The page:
What’s Going To Happen To Zach Lutz?

By Former Writers

November 23, 2013 3 Comments

When MLB.com covered the Mets MiLB performers at each position, they decided that Zach Lutz had the best season at third base. Lutz is certainly a curious case — he was hampered by injuries throughout most of his minor league career, but he posted solid numbers when healthy.  Here’s what Robert Emrich wrote about him:

 A fifth-round pick by the Mets in 2007, Lutz has been one of the steadiest contributors in the system, never posting an OPS lower than .800 or having an average below .278 over the course of a season. This season was no exception as the Pennsylvania native hit .293, slugged 13 homers, drove in 80 runs and posted an .856 OPS for the 51s.

“He’s always hit, he had a couple of years where he battled some freak injuries,” DePodesta said. “This year he was healthy, spent some time in the Majors. He’s dangerous, hits the ball very hard, has a good strike zone. He’s improved defensively, played some at first and some in the outfield to improve his versatility.”

Now, Lutz cracked the MLB roster and managed to play 15 games with the Mets this year. In 2012, he had only 11 at-bats with the Mets, and went 1-for-11. He looked better in his short sample size in 2013, going 6-for-20 (.300) with two doubles and six walks. Lutz is now 27, but has a solid minor league track record, including a 2010 season where he slugged 19 home runs and 19 doubles in just 306 at-bats. Lutz is a natural third baseman, but has played first base and even some outfield to keep himself in the lineup. He was holding his own in Las Vegas last year, so it really makes you wonder why he isn’t thrown into the discussion at first base every now and then.

I think Lutz is somewhat of an unknown commodity at this point. Although he doesn’t carry the appeal of a mega-prospect, he was a model of consistency in the minors, and that’s what we need at first base right now — consistency. There are better options out there, but I wouldn’t be that upset if the Mets gave Lutz an extended audition at first base next season.

  • William Li

    I don’t think the FO is even thinking about Lutz as a potential answer at 1B. If you had a lineup like the Dodgers or Angels, you can give a fringe player a chance but the Mets are below average in too many positions to attempt that in NYC.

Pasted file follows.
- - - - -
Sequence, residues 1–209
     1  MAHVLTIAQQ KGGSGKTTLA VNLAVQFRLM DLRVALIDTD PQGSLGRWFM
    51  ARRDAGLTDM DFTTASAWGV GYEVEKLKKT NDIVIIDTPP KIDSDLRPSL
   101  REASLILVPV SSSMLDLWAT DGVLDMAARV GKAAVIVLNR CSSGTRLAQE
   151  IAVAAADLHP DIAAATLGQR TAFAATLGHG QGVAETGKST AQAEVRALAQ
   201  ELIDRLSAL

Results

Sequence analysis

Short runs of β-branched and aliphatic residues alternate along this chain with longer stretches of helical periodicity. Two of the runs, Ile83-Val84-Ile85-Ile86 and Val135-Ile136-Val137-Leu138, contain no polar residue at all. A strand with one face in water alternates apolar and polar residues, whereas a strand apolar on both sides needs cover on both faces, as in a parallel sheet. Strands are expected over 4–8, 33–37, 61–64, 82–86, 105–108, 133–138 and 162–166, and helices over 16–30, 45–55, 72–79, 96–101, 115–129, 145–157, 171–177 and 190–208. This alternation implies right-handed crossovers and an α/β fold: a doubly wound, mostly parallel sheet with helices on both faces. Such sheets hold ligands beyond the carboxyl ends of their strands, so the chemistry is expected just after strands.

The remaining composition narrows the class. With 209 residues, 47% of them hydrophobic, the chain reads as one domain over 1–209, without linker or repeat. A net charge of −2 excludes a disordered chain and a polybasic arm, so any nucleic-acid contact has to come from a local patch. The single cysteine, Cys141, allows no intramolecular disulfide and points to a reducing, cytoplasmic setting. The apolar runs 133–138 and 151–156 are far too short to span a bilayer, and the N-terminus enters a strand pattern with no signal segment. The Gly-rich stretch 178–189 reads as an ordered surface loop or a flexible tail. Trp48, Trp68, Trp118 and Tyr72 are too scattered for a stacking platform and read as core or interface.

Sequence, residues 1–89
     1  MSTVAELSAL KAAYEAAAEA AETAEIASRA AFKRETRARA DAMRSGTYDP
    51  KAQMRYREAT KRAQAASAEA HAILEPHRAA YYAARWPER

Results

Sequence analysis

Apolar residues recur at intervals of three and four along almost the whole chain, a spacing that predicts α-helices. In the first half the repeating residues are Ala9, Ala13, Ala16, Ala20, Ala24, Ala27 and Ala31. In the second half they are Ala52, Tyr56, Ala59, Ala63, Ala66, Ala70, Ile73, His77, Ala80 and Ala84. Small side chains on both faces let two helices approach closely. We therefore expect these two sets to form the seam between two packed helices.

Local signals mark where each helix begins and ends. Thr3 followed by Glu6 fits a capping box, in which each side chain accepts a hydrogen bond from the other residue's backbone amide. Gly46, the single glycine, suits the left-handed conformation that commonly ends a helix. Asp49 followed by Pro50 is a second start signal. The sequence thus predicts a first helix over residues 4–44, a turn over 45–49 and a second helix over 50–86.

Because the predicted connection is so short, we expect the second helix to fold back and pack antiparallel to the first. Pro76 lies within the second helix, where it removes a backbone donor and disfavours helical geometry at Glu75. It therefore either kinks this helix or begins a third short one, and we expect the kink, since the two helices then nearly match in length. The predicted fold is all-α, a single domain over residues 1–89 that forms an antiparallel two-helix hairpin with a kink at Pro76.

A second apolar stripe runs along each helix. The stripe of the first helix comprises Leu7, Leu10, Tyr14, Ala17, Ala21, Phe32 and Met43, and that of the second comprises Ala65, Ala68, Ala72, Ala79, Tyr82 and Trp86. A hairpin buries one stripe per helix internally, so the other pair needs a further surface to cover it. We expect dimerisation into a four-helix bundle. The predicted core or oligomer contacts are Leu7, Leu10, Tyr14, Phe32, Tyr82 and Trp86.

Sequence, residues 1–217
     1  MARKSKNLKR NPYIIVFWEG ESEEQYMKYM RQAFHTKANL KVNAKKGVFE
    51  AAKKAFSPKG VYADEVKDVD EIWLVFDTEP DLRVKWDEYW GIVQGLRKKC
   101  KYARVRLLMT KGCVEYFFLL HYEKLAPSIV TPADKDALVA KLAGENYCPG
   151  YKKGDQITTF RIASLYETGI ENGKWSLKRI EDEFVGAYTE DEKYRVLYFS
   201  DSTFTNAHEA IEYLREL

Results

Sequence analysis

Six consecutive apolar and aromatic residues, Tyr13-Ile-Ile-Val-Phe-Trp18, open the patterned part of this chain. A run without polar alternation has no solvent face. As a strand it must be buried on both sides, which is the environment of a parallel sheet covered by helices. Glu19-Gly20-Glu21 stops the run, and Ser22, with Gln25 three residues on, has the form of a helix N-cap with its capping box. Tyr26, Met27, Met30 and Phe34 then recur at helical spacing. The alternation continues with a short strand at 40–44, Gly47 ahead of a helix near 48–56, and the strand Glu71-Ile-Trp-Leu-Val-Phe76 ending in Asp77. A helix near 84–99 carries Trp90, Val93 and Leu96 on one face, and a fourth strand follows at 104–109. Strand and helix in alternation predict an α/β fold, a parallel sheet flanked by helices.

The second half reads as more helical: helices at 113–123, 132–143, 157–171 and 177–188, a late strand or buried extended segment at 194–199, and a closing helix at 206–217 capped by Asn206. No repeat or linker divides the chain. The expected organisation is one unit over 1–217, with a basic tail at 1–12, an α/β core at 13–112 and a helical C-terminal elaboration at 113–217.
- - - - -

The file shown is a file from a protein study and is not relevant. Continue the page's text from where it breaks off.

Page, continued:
However, I am always curious to know why teams don’t give guys like Lutz and Eric Campbell a chance as bench players. What is the advantage of stashing them in AAA? If Lutz and Campbell hits .325 and rips 25 HRs in AAA this year, they will still be deemed too old to seriously be considered for a starting position. Their only value would be to contribute to the major league team as an inexpensive part.

    The one guy who is in a similar mold that has a strong chance of sticking in the majors is Josh Satin due to his ability to play 2B in addition to the corner IF positions.

  • Yazzy

    I like that Lutz has some potential to play the outfield but does he really have a feel for it? Why not just put Lutz in a corner outfield position? If I was in charge of the front office I would have also had Josh Satin, Wilmer Flores and the 2nd baseman in the minors that the Mets were once very high on ( I have forgotten his name) also in winter ball in an outfield corner spot to see if any of them can handle it? I don’t know why SA signed Chris Young when he could have signed Grady Sizemore who was an All Star many times over, and had speed, range and a good arm. Instead of Sizemore we signed Young who has had a career line nowhere near Sizemore’s. Yes, Sizemore has been often injured but he would have been a worthy chance if he was signed to an incentive based contract. Grady is also 29 so there is a chance that he might recover for all of the injuries he had because he is still young enough.

  • Geoff

    Despite Paul D’s analysis, Lutz was a high strike out guy up until last year, & he also pops up a lot. He also looked slow and sloppy at 3B last year in spring training leaving 1B as the only place for him, really. But Turner and Satin were already ahead of him on the depth chart, anyway.
    Plus, the Mets still have options on Lutz. Satin is a year older, hits more consistently, plays better defense at both positions and is out of (or almost out of) options, so he’s going to get first crack at that job opening.
    Now that Turner is gone, I suspect it ill be a competition between Satin and Lutz for a chance to platoon at 1B and back-up Wright at third, but Satin has a big edge for the reasons I’ve mentioned.
    My guess is that Satin gets the job, & Lutz becomes the guy who rides the shuttle back and forth to AAA when players get injured. If Satin flubs, Lutz steps into that role and Campbell becomes the next one on the list.
    Campbell’s ability to play the OF (as well as 3B) potentially gives him an edge over the other 2 if there is a squeeze for roster space, but he will have to be more impressive in spring training due his having had no major league exposure whatsoever and all of his options still remaining.